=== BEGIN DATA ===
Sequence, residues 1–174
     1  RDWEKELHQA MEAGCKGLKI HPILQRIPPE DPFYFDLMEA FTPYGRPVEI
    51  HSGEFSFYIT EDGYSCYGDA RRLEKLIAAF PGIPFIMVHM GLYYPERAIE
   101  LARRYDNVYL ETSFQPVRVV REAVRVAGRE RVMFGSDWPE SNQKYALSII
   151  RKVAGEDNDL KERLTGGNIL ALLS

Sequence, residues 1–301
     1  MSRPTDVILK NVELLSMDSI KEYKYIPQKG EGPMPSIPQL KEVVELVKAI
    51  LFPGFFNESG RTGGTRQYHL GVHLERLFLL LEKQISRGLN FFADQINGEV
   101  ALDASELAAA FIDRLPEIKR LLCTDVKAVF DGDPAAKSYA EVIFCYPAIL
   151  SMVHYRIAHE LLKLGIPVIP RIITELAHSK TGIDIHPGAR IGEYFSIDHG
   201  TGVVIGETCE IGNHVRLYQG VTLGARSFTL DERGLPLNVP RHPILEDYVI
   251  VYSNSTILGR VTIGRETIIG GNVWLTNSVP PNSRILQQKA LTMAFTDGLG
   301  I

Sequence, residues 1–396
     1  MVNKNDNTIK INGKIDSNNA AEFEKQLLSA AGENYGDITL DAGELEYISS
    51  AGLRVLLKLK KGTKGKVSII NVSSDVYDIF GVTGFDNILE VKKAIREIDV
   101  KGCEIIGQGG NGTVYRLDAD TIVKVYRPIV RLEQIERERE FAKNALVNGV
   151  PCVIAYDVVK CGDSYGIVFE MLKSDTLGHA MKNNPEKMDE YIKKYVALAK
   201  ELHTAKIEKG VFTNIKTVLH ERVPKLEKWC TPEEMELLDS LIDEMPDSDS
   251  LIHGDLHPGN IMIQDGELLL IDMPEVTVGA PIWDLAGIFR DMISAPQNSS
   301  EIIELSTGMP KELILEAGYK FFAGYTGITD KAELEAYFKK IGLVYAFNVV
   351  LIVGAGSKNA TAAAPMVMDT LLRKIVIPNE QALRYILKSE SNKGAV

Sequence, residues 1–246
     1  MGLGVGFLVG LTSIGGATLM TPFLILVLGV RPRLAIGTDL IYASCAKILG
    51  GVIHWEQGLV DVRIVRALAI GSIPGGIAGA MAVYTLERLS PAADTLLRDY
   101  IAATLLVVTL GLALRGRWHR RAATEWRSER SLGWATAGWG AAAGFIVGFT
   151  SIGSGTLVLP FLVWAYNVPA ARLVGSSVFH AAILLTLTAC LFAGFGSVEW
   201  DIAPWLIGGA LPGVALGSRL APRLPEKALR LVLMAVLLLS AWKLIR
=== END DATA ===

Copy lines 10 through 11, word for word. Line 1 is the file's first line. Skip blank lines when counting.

   151  SMVHYRIAHE LLKLGIPVIP RIITELAHSK TGIDIHPGAR IGEYFSIDHG
   201  TGVVIGETCE IGNHVRLYQG VTLGARSFTL DERGLPLNVP RHPILEDYVI